'The Big Three' together again at Greats of Golf

Gary Player (left), Arnold Palmer (middle) and Jack Nicklaus

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BLAINE, Minn. –– The autograph line formed shortly after 6 a.m. on Aug. 2, and spilled outside the exhibition hall and around several corners. Overflow parking? It overflowed. More than 25-deep surrounded the first tee at TPC Twin Cities to see "The Big Three." There were more people craning their neck and standing on their tiptoes than at the Masters on Thursday morning and even better, this time they got to see more than just an opening tee shot.

Hollis Cavner, director of the 3M Championship, seems to add a new wrinkle every year to this Champions Tour staple. Free admission. The Greats of Golf. A team of female greats -- Pat Bradley, Nancy Lopez and Annika Sorenstam -- last year. But nothing quite matched the coup of reuniting Arnold Palmer, Gary Player and Jack Nicklaus. It was their first time playing together in the Land of 10,000 Lakes since the 1970 U.S. Open at Hazeltine National when Tony Jacklin won in a rout.

"I don’t remember anything about it," Nicklaus said. "That is, I don’t want to remember anything about it."

Memories, these greats have a few and they didn't mind recycling some favorites. Palmer is a 3M regular, and at 84 years old, his role was limited to team captain of the LPGA greats, sinking a 10-foot birdie putt at the sixth hole to roars of approval.

"C'mon, hitch your britches, let's go," Fuzzy Zoeller implored him as Palmer lined up one putt.

Nicklaus and Player paired with Lee Trevino and the sign on the standard bearer said it all: "Team Greatest Ever."

Their captain? “Are you serious?” Cavner said. “Who could captain that squad? Nobody!”

Indeed, the first tee starter claimed he was out of breath from reciting Nicklaus' accomplishments from his glory days.

In a year where there is no World Golf Hall of Fame Induction Ceremony, the 3M Championship and the Greats of Golf could produce one heckuva Hall of Famer roll call (14 in total). Nostalgia is alive and well when baby boomers are asking their childhood heroes for selfies, but so is the competitive spirit of these all-time greats.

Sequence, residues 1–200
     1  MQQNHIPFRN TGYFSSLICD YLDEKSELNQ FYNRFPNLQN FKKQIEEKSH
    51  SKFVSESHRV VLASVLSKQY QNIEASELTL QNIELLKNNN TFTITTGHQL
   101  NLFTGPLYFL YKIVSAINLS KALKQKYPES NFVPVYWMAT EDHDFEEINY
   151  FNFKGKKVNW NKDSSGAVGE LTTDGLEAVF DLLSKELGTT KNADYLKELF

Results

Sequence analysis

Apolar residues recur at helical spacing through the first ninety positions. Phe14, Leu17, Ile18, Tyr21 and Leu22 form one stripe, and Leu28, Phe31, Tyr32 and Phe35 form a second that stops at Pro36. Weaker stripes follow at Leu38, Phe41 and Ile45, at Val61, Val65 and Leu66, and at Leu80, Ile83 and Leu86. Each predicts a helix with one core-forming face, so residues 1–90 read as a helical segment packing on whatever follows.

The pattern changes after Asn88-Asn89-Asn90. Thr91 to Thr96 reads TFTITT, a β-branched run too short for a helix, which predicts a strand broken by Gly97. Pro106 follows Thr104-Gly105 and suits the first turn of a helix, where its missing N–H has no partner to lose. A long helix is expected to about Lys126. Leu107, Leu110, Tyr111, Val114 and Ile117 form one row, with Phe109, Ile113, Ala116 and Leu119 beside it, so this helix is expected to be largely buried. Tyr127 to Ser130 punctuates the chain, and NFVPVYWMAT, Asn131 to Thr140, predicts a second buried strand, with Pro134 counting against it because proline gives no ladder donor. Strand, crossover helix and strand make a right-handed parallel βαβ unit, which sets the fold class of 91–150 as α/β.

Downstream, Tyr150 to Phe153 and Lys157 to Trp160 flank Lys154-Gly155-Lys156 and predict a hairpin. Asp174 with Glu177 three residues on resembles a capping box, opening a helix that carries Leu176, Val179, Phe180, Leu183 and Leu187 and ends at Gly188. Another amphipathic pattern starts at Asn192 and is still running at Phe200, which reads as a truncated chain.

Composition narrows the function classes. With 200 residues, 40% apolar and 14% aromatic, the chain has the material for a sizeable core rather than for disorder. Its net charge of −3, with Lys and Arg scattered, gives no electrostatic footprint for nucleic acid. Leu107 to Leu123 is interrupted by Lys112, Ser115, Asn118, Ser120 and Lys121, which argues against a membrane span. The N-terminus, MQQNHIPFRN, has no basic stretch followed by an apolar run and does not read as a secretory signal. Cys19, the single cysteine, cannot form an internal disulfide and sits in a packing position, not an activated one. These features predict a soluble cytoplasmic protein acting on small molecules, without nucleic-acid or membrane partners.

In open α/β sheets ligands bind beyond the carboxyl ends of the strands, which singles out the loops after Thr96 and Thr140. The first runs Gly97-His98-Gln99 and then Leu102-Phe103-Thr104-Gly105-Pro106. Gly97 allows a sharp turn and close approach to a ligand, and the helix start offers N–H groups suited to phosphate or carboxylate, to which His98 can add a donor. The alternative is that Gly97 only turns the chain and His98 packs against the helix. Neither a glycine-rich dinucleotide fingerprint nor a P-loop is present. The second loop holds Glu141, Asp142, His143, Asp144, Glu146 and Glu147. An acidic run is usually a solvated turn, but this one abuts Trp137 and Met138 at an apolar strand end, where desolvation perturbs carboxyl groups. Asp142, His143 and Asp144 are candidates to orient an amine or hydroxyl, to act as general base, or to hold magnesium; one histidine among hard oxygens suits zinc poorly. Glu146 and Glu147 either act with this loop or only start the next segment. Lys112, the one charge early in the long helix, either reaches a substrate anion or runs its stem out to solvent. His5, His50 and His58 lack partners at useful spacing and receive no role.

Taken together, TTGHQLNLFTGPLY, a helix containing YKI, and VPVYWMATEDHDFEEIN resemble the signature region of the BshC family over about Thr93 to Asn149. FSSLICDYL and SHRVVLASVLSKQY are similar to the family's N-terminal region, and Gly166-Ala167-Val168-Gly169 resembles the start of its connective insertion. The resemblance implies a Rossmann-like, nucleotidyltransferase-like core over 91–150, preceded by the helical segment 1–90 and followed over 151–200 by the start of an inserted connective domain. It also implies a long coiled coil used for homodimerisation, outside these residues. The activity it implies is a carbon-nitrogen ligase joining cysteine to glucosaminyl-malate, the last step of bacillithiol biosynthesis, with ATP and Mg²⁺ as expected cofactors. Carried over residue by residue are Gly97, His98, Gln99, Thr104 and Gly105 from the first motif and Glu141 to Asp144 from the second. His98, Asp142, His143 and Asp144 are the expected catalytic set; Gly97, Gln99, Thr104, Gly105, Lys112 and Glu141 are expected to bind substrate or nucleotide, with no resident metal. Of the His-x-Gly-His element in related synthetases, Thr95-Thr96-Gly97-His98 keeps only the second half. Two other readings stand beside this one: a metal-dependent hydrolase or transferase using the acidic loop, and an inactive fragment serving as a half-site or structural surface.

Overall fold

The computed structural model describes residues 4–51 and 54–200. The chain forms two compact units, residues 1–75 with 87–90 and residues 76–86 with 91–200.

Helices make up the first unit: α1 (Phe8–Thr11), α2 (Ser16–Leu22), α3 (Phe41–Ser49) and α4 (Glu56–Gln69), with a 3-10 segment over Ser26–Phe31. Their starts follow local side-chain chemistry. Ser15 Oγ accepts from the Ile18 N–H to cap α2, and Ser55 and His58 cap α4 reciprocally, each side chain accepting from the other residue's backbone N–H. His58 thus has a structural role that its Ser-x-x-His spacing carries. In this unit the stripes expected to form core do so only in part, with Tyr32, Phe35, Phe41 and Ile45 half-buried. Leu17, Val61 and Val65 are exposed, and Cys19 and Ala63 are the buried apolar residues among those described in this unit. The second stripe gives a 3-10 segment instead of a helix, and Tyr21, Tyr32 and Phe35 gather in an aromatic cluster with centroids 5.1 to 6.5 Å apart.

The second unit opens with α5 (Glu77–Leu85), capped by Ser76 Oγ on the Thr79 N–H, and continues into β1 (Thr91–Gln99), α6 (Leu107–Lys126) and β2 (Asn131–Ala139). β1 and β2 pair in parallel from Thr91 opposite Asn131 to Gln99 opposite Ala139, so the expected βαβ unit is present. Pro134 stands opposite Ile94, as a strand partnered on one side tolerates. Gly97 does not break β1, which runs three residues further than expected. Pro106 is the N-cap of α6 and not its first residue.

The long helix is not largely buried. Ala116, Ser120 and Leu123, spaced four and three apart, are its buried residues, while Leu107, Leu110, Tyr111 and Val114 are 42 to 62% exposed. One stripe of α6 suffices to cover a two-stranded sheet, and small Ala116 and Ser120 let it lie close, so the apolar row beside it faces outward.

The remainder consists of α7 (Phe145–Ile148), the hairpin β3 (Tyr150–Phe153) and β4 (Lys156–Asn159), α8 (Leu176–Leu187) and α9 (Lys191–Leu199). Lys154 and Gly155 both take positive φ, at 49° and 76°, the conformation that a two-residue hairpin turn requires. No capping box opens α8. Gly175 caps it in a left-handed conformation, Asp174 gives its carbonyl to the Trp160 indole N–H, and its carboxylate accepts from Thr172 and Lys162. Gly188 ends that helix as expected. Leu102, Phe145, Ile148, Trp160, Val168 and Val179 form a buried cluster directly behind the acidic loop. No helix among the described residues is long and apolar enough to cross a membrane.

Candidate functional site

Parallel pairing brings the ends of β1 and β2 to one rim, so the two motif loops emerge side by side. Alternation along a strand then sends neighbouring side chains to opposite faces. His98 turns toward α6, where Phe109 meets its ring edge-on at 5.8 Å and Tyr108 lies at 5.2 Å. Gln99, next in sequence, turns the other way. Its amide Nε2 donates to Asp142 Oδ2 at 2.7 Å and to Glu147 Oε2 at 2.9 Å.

"Why do you think we’re here? You think we enjoy sitting at home and watching television? Of course we don’t," Nicklaus said. "We’ve been in the public all our lives. Arnold’s not even playing right now and he’s here because he likes being part of the game of golf. The game of golf has been wonderful to all of us. Do we want to give up what we’ve done all our lives? We’ll have great fun today even though we hit probably 100 yards short of where we used to hit it."

On the fifth tee, Nicklaus asked how far to clear a cluster of fairway bunkers. Told it was 280 yards, he strapped a head cover back on his driver.

"280," Trevino said. "I remember when that was your 3-wood."

"Youth is a long time ago," Nicklaus lamented.

But for one afternoon, time seemed to stand still. While Hale Irwin, 69, was turning back the clocks in shooting a 66 in the tournament proper, David Graham, Fuzzy Zoeller and Andy North took turns rolling in birdie putts. They teamed in the scramble format for a score of 15-under through 17 holes when inclement weather halted play.

Beforehand, Nicklaus belted drives, Lopez chipped in, Trevino and Johnny Miller putted lights out and Dave Stockton, well no one was surprised that he seemed to never miss with the short stick.

"I've got Dave putting for me," said Miller, who partnered with Stockton and Al Geiberger. "What's not to like?"

Nicklaus, Player and Trevino were thanked a thousand times for being there. Some of the pros showed their appreciation too, circling back to follow The Greats after their round. "This is watching history," Andy Bean said.

The weight some of them have gained has settled in the waist, but it didn't stop 84-year-old Don January from contributing a few putts and climbing the hill behind the ninth green. "They used to call me Slim or Bones," he said, "Now just don't call me late for dinner."

Trevino, who began using a yellow Bridgestone golf ball recently because he can see it better in the air, complained that his vision has worsened. As always, he had a vivid story to describe this: "I'm blind as a bat," he said. "I go to the bathroom and I wet my shoes."

When a spectator blurted out that Trevino's chatter was endless, Player cracked, "Can you imagine being married to him?"

"C'mon, Lee, quit talking," Nicklaus said. "We're already two holes behind."

Without missing a beat, Trevino answered, "You always played two holes behind, Jack." The crowd roared. Nicklaus grinned wide. "I thought you'd like that," he said.

Nicklaus took his turn wielding the needle at Trevino a hole later after the loquacious Trevino said he was going to take a deep breath. "Then you're going to start talking again, aren't you?"

It was that type of day, a low-key affair where Annika gave Arnold a mulligan, Lee gave Jack a putting lesson, and the fans couldn't get enough of the Greats of Golf. In other words, it was like old times.

So how is Cavner possibly going to top this year's illustrious field and record crowds? He paused for a moment to hatch a plan. "I don't know," he said, "We might have to dig up Elvis."

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